Interviewee selection must be broad to represent all points of view
    Should consider sampling models
    Provides personal communication opportunities:
    More details
    More free association
    Problems or issues can be explored in depth
    Allows for examples, anecdotes, stories, illustration of issues
  • 56. Assessment Methods – Focus Groups
    Requires prep and skilled facilitator
    Be aware of peer pressure responses
    Recognize broader stakeholder definition to get all viewpoints
    Use data from other methods to support proposals
    Keep it realistic
    Teaching tool
    Group interaction can procreate broader issues
    Non-verbal clues can be useful
    More time-efficient for interacting with more people
    Achieve better overall understanding
  • 57. Other Methods
    Sandboxing – test concepts prior to large scale commitment
    Design charettes – stakeholders allowed to actually create design
    Outside experts – seek input from specialized expertise
    Close-ended vs. open-ended questions
  • 58. Observational Studies (Sweeps)
    Checklist of observable behaviors
    Various times of day and evening
    Multiple observers involved
    Eliminates emotional or subjective data
  • 59. Delphi Study
    Technique premise is that experts have the best idea of future pathways
    Validity of study is based on expertise of participants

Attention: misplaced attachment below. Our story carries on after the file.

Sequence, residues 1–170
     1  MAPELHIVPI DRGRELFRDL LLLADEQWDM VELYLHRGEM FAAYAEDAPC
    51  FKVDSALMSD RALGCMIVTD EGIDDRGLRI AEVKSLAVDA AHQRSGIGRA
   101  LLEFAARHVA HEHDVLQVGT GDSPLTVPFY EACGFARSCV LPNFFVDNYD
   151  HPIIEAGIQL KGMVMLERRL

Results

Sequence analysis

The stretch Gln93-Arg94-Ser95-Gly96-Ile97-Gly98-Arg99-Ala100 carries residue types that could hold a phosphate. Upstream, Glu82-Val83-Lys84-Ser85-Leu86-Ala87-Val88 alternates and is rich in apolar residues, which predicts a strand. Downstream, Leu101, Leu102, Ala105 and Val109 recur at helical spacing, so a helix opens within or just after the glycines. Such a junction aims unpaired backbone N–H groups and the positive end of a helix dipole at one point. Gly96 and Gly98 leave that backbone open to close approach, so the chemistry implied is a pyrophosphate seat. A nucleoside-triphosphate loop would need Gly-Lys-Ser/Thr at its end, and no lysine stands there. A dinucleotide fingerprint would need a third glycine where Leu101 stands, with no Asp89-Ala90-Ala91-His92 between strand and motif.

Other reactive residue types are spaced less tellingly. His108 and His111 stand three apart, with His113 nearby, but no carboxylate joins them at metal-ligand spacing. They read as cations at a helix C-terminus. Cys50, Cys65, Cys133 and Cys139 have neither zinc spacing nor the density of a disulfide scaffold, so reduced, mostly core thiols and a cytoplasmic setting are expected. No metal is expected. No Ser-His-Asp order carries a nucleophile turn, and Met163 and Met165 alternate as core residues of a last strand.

Questions/responses are adjusted until participants reach consensus or determined it can’t be
    Not a precise analytical technique
    Is helpful with problems or issues that aren’t data driven
  • 60. Delphi con’t
    William J. Mitchell (paraphrased)
    Spaces that work well (long term) are built around human needs, comfort, natural light, social ambience, connection to outdoors
    Must remain sensitive to how technology and culture come together
    Change statements
    Why or why not
    Impact and desire
    Agreeing on consensus
    Results ranked
    Causes of non-consensus
    Economics and technology can be changing factors
  • 61. Data Driven Methodology
    Removes politics
    Reduces emotional investment
    Makes adversarial moves more rational
    Takes problem out of personal context and allows for subjective analysis
  • 62. Factors to Consider
    Design Factors
    Space Factors
    What question are you asking and why
    What goals and objectives are already determined
    Who is the audience
    What other information is available or needed